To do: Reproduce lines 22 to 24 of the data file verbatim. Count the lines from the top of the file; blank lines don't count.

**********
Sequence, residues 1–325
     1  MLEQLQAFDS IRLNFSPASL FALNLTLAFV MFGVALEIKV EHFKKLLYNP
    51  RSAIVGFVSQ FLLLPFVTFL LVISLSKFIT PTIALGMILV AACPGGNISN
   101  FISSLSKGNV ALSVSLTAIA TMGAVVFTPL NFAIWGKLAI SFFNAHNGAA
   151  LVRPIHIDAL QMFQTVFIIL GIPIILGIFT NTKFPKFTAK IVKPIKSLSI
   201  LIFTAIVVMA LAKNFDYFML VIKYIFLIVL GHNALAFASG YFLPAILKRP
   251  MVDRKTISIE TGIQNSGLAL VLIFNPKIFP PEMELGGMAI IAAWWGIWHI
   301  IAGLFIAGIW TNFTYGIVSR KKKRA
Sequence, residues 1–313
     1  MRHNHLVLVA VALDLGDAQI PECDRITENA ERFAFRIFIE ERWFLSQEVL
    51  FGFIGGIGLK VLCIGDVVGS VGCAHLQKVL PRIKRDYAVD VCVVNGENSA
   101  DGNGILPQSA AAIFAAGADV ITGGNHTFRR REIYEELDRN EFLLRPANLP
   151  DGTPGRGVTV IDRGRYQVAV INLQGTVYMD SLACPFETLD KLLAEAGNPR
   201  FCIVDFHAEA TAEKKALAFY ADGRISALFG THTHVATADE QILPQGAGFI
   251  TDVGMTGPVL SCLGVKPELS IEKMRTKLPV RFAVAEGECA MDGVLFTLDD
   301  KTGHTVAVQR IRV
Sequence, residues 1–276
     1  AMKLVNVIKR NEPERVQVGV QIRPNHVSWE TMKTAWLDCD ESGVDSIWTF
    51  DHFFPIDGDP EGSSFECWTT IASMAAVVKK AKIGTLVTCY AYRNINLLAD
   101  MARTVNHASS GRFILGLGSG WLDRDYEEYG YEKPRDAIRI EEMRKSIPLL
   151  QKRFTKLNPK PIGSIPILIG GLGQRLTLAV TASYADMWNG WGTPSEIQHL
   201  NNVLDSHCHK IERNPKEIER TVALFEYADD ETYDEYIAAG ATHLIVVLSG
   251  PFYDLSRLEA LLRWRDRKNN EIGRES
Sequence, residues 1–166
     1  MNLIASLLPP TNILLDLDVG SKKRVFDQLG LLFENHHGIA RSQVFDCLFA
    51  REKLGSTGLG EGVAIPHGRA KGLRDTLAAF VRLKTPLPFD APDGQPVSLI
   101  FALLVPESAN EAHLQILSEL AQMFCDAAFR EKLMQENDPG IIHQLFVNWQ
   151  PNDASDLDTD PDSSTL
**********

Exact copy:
   201  NNVLDSHCHK IERNPKEIER TVALFEYADD ETYDEYIAAG ATHLIVVLSG
   251  PFYDLSRLEA LLRWRDRKNN EIGRES
Sequence, residues 1–166